Hey, Were There Any Instructions?

Cue up memes and video clips about instruction sheets. Relate. Get back to work. Yes, the best humor connects by nailing a truth, and the truth is that “clear instructions” are priceless. And too often, an oxymoron. The packaging industry is no exception.

A good set of instructions provides plain, actionable direction to line operators. This ultimately reduces the likelihood of failed inspections, rework or customer complaints. Instructions should be easy to follow and include clear, detailed photos. Seems like a no-brainer, right? If it was that easy, I wouldn’t be writing this blog post.

“It’s just a box”… Or is it?

A common issue we see at the lab is a lack of direction regarding orientation. A client’s work instructions for packaging may include very specific details regarding how to set up a machine, place a product in a pouch, how to seal it, and the inspections that take place afterwards. What seems to be missed time and time again is orientation for cartons and shipper boxes. While it may seem obvious, it’s a critical part of the packaging process. More importantly, omitting a simple orientation note can lead to delays in the lab.

For example, when running an ASTM transit simulation, PCL needs to number box sides to ensure that each axis is exposed to the proper level and duration of vibration. How the sides are interpreted also dictates the orientation of the boxes for drop tests.

Per the ASTM D5275 standard (Standard Test Method for Drop Test of Loaded Containers by Free Fall), a specific numbering scheme is dictated by the location of the manufacturer’s joint (see Figure a1.1 below). We often receive test lots that label different box faces in relation to the glue joint. This makes it impossible for the lab to consistently number the faces while conforming to the standard. And that, in turn, leads to delays in testing while orientations are agreed upon between the lab and the client.

ASTM D5276 rectangular container faces

1 picture = 1,000 words (regardless of the language).

In my time as an engineer, I’ve been fortunate to meet many talented people in the medical device industry. Many come from diverse backgrounds and claim English as a second or even a third language. Consideration should be given to ensure that these individuals are able to easily follow the instructions, even if English isn’t their primary language. Inclusion of as many photos as possible is preferred and often necessary. Including photos from different vantage points as well as including photos of what NOT to do is in incredibly helpful. Every question that can be answered in a photo results in less down time as operators won’t need to seek the help of a supervisor or engineer to determine if their work is acceptable.

What you see in the following image is an example for evaluating seal transfer when starting a tray sealing job. Notice the use of a green check mark for “good” and use of a red X along with red circles around the pictured defects for “bad”. Red and green are universal colors. A check mark and “x” are universally used symbols. Confirming your message with these simple courtesies ensures universally accurate interpretation by most people, regardless of native language.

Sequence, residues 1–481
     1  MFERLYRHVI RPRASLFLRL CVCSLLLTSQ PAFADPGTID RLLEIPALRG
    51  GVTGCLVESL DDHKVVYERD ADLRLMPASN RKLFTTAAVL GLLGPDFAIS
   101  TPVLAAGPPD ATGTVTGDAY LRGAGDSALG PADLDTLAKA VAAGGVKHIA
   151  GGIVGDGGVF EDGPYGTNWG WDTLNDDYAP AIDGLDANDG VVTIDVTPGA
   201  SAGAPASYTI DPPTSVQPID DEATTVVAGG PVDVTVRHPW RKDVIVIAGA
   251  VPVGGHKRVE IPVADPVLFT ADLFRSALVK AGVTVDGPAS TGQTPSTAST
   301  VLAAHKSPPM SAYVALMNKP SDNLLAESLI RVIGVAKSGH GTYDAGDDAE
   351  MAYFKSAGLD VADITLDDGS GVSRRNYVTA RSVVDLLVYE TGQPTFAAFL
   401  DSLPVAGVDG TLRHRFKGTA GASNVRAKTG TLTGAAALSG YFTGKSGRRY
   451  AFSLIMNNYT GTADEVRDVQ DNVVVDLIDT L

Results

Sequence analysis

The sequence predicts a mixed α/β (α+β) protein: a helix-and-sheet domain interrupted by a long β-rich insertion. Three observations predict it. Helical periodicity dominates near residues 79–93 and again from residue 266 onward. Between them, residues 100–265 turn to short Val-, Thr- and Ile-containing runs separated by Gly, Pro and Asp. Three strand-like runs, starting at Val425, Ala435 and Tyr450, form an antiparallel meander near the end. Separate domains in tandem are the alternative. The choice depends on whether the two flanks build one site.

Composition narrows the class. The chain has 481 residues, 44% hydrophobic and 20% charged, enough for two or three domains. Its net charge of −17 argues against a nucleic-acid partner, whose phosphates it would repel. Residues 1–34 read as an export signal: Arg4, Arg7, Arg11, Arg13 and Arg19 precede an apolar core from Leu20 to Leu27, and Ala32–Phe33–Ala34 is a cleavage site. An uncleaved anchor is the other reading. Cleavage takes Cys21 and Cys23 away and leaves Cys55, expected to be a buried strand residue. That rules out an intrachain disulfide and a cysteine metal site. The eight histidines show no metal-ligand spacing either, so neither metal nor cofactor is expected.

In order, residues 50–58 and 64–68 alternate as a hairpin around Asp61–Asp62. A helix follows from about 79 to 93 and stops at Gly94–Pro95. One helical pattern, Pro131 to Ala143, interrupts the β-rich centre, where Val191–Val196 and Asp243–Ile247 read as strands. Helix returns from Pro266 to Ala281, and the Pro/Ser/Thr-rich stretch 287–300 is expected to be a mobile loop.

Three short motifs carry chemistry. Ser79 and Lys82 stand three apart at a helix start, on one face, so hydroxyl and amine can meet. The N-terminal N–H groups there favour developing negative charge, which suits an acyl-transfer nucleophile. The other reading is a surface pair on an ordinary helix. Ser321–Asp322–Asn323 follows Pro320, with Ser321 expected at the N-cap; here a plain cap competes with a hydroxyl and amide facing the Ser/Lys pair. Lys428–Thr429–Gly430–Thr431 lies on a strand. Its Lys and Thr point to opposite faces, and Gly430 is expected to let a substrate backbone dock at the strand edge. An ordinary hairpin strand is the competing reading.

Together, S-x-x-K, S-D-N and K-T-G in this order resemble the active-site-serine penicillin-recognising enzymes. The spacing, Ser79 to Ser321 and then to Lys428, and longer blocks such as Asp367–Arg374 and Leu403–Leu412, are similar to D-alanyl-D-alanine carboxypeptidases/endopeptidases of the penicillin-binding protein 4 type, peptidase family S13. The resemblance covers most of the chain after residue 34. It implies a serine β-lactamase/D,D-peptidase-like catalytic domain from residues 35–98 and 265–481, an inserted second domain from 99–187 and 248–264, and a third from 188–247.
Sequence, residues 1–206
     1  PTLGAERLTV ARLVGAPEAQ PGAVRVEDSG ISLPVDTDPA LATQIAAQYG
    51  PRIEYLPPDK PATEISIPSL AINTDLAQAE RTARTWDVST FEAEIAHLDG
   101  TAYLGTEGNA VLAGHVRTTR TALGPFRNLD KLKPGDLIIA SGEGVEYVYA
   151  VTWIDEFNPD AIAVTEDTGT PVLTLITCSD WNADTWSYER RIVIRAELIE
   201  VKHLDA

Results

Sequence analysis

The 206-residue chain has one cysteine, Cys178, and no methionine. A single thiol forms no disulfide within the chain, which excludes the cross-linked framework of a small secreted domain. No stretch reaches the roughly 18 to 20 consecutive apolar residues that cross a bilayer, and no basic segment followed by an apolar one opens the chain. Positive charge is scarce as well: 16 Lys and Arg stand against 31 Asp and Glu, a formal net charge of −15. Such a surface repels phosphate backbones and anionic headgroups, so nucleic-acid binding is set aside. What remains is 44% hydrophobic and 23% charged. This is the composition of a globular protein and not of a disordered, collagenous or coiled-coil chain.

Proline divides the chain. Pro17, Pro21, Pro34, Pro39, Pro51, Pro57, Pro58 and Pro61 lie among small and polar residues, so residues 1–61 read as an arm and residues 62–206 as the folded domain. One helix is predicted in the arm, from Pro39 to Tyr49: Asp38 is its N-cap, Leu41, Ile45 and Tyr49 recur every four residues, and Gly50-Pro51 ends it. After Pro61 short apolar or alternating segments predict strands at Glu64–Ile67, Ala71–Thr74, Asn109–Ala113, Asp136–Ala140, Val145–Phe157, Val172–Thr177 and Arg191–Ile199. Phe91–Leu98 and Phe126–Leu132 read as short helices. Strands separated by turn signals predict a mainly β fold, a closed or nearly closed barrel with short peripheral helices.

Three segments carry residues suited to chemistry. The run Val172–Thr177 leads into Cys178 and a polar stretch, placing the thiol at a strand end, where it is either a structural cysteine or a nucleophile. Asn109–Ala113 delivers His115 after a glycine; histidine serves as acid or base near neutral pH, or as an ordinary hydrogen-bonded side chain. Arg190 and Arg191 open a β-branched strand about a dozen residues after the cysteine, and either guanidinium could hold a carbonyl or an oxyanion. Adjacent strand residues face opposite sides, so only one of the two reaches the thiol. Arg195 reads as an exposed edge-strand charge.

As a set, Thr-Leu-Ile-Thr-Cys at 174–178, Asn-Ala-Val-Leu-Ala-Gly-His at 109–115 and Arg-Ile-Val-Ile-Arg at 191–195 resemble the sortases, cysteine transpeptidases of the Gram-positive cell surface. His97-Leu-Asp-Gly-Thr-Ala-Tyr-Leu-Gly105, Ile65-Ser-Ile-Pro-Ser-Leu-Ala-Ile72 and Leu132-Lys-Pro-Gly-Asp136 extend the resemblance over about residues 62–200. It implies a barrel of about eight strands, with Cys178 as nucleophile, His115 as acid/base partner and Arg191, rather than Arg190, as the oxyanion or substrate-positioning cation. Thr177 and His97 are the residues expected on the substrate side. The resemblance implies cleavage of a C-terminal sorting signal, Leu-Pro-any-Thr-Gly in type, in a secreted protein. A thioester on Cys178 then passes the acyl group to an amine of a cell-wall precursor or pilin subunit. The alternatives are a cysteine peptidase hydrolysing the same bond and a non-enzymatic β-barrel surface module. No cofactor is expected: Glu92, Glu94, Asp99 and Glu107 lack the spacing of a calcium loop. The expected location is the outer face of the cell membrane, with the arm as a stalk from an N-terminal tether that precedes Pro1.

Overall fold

seal breach using universal labeling

Consistent efforts lead to consistent results.

All of that being said, don’t be overzealous in your attempts to make life easier for those following your instructions. I’ve had several projects where the client has worked to create an ambidextrous packaging solution intended to allow packaging operations to be performed in multiple orientations. While this may seem like a good idea, this can lead to challenges determining the root cause of failures that may occur. Specifying a single orientation for all aspects of the process in the work instructions means all samples are equal. Different orientations can lead to forces being applied in varying directions or orientations to packages as they travel through the distribution environment. Allowing multiple orientations is an inconsistent approach and can make determining the root cause of packaging failures (especially those caused by transit) extremely difficult. To sum it up, inconsistent efforts typically lead to inconsistent results.

Teamwork makes the dream work.

Finally, remember that you’re part of a team. While you may have designed the packaging and written the instructions, line operators are the ones who ultimately do the work. Take time to step through a draft of the instructions you’ve written with some of the folks that will be using them. It’s a great team building exercise and you’ll often be surprised with the thoughtful feedback you receive. There can often be a disconnect between engineers and line workers. This is a great way to make everyone feel valued and also provide input into the tasks that they’ll be performing regularly. When everyone is considered, everyone wins. No participation trophies here.

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